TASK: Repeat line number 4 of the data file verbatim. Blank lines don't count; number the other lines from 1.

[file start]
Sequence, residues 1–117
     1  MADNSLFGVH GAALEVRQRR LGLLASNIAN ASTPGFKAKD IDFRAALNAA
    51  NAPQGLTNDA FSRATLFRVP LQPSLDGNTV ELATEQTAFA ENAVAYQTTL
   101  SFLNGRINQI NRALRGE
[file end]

   101  SFLNGRINQI NRALRGE